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How I Got My Literary Agent: Tex Thompson

Tex Thompson, author of ONE NIGHT IN SIXES (July 2014, Solaris), shares how she found her agent at a writer's conference and obtained representation.

“How I Got My Agent” is a recurring feature on the Guide to Literary Agents Blog, with this installment featuring Tex Thompson, author of ONE NIGHT IN SIXES. These columns are great ways for you to learn how to find a literary agent. Some tales are of long roads and many setbacks, while others are of good luck and quick signings. If you have a literary agent and would be interested in writing a short guest column for this GLA blog, e-mail me at and we’ll talk specifics.


Column by Arianne "Tex" Thompson, author of ONE NIGHT IN SIXES
(July 2014, Solaris). Tex channeled her passion for exciting, innovative,
and inclusive fiction into the Children of the Drought – an internationally-published
epic fantasy Western series from Solaris. Now a professional writing
instructor and editor for the DFW Writers Conference, Tex is blazing a
trail through writers conferences, workshops, and fan conventions around
the country—as an endlessly energetic, relentlessly enthusiastic one-woman
stampede. Find her
 on Twitter!

Phase I: Junior Prom, Revisited
It's the first day of the 2012 DFW Writer's Conference. People are gathering in the ballroom. My buddies and I are gossiping frantically about who's going to pitch to whom, what so-and-so said when HE went and talked to such-and-such, and oh my God, did you hear her pitch? Who does she think she is? (For the record: anyone who wants to re-live the high school experience should absolutely come do this. Your larval stage awaits.) I've hit a terrible snag in my plan: as it turns out, my dream agent with the bigshot agency and the killer client list is just world-wreckingly cool and interesting and charismatic in person, and if I can't even work up the guts for a casual introduction, there's no way I'll have the gumption to pitch to him later.

(Attending a writers' conference soon? Learn how to prepare.)

Then a new person meanders into the room, sporting ruby-red cowboy boots. "Hi," she says with a smile,"I'm Jennie Goloboy."

You know, Jennie Goloboy. One of those other, newer, lesser agents. The one I'd been following on Twitter—the PhD-wielding arch-historian who'd just joined Red Sofa Literary—the lady who writes zombie romance and patronizes her local cheese festival and has Informed Opinions on the use of pewter in 18th-century American colonies. You know, the casual avatar of everything I aspire to be.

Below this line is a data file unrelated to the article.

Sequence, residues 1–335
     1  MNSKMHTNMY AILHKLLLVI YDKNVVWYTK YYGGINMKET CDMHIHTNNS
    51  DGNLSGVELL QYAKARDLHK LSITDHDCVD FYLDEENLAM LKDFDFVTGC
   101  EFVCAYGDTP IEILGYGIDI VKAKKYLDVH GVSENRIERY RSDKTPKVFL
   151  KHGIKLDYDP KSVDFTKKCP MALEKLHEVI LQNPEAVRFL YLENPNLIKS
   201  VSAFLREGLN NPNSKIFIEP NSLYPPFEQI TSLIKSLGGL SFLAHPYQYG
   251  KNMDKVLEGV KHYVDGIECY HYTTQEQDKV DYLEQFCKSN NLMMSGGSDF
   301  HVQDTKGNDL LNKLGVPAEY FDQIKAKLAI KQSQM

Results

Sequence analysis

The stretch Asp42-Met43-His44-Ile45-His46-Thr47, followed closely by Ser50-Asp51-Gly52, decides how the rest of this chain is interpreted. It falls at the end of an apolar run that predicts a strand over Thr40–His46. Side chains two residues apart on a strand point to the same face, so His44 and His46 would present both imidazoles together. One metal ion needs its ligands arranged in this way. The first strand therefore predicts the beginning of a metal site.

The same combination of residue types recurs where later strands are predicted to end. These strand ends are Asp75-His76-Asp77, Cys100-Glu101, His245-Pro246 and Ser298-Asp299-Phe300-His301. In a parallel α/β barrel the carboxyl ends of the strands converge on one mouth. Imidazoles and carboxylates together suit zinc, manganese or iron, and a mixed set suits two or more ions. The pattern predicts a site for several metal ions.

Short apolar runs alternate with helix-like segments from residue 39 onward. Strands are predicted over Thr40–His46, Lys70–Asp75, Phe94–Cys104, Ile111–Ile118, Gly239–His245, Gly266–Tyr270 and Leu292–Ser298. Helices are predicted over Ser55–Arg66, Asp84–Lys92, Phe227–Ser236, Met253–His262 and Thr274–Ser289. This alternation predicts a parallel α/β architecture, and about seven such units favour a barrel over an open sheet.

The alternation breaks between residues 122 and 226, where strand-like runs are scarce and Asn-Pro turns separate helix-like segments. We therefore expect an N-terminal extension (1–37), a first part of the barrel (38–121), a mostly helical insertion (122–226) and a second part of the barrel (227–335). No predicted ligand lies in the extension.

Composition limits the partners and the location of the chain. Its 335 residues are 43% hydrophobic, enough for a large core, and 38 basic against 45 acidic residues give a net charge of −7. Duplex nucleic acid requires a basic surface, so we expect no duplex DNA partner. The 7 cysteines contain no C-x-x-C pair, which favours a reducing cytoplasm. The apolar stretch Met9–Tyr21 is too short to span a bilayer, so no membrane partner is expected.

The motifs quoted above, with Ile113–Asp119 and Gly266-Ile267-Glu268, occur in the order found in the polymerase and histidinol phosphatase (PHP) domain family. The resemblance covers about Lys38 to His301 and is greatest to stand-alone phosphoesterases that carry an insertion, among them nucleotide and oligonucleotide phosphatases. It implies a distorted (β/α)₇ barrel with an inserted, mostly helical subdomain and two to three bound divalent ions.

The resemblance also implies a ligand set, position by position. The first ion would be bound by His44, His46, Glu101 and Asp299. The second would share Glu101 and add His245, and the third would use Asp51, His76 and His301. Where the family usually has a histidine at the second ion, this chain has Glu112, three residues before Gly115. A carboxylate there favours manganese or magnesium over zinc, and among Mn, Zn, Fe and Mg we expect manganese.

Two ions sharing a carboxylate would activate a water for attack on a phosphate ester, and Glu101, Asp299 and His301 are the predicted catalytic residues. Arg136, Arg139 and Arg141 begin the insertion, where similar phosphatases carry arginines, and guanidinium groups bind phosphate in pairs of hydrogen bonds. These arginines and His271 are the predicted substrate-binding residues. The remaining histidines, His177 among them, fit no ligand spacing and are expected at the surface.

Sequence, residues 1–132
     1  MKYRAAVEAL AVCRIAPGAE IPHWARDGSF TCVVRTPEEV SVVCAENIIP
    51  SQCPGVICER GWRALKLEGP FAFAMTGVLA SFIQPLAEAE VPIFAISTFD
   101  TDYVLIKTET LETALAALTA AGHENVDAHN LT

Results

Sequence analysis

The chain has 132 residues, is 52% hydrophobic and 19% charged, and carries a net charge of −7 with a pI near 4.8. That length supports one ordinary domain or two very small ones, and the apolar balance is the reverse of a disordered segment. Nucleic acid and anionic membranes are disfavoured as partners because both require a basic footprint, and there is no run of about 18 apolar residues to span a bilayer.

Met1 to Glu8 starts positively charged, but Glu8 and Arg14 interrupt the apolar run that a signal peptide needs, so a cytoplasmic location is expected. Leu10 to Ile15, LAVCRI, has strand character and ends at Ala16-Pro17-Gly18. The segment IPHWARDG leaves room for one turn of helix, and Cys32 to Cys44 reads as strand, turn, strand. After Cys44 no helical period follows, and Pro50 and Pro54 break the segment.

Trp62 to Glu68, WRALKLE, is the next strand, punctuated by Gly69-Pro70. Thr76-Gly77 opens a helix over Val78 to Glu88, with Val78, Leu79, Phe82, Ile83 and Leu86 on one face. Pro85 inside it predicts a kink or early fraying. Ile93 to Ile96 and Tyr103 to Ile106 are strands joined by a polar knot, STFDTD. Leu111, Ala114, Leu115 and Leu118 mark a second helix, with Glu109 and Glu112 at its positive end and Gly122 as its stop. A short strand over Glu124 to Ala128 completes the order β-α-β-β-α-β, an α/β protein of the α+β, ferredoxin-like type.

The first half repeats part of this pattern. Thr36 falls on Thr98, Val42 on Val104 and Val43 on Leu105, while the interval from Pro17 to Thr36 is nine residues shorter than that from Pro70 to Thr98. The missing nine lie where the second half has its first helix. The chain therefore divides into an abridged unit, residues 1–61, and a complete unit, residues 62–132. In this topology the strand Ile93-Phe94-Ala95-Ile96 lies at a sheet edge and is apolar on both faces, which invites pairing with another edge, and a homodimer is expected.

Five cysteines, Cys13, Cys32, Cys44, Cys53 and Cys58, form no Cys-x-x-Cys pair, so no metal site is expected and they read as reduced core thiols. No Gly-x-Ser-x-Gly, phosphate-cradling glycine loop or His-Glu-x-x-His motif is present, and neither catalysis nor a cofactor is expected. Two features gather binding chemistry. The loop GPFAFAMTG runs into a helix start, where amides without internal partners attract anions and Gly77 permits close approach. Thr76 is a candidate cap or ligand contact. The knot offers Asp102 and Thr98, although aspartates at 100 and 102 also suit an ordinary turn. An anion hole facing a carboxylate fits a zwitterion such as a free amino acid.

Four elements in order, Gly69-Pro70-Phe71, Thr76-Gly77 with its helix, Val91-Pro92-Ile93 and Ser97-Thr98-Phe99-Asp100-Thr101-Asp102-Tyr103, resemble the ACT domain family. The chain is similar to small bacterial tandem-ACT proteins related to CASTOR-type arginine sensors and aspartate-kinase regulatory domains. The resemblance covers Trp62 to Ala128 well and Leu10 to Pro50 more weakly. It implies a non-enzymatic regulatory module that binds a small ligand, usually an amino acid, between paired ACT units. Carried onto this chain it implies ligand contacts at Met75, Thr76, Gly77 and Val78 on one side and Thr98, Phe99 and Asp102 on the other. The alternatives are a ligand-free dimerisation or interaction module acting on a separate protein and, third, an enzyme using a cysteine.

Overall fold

And she's talking to ME.

"Hi," I say, extending my clammy hand. "You smell pretty."

Phase II: Barfing On Your Shoes for Fun and Profit
Yes, it was that bad. I'd spent months getting this steady IV drip of her interests and personality, and yet it didn't occur to me until that very moment that I ought to be nervous as hell, because she was EXACTLY the person I wanted to read my book.

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Agent Donald Maass, who is also an author
himself, is one of the top instructors nationwide
on crafting quality fiction. His recent guide,
The Fire in Fiction, shows how to compose
a novel that will get agents/editors to keep reading.

But nervous and awkward actually worked in my favor. She asked what I was writing, but I couldn't bear to stammer out my canned pitch on the spur of the moment. So I demurred ("oh, cowboys and Indians and fishmen – I'll tell you about it later – hey, have you met…?"). We talked about other things, I introduced her to a few other writers, and later we waved to each other a couple times in the hallway. By the time I bought an extra pitch session and sat down to actually tell her about my project, I had my head together. This time, I started not with a prepackaged schpiel, but with an earnest question: "What made you want to get a PhD in history?"

Phase III: Lessons Learned
You might have already guessed that we had a great conversation. Then we had another one over the phone, after I sent her the manuscript. Then we had another one after she sold my first two books to Solaris. But what you might not guess—and what she only told me long after the fact—is that she was sold on me long before she read a page of my work. "Every time I saw you, you were helping someone," she said. "Every time I mentioned you to somebody, they got a big smile on their face."

So here's what I took from that. Agents at conferences know we're nervous. They know we're desperate. What they don't know, and can't tell from a shrink-wrapped pitch, is what kind of people we are. And if you present yourself as an appealing person – if you're generous in helping your fellow writers, if you ask good questions during classes, if you do your homework and respect people's time and take an active interest even in the folks who can't directly benefit you – then it becomes much easier for an agent to imagine how great you would be to work with.

(Literary agents share advice on how to approach them at a writers' conference and pitch your work successfully.)

Even if you didn't realize how great it would be to work with them.

Even if they're not the agent whose name you wrote all over your geometry book.

Even if you still can't shake hands without embarrassing yourself.


Check Out These Great Upcoming Writers Conferences:

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Your new complete and updated instructional guide
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GET A LITERARY AGENT shares advice from more 
than 110 literary agents who share advice on querying, 
craft, the submission process, researching agents, and
much more. Filled with all the advice you'll ever need to
find an agent, this resource makes a great partner book to
the agent database, Guide to Literary Agents.

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